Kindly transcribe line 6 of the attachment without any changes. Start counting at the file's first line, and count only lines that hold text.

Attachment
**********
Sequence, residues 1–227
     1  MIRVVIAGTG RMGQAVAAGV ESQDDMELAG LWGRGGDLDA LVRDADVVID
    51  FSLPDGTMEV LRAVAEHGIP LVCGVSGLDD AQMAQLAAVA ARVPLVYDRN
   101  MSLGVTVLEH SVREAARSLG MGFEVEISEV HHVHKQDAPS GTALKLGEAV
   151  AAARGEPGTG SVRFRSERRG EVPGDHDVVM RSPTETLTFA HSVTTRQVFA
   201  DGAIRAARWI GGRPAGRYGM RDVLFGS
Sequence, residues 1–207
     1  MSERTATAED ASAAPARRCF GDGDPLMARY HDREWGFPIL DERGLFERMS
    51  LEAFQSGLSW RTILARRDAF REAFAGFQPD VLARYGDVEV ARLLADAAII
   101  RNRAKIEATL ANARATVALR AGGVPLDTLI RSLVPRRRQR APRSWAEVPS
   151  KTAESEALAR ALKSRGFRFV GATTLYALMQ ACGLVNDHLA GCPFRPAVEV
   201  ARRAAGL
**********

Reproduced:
   201  DGAIRAARWI GGRPAGRYGM RDVLFGS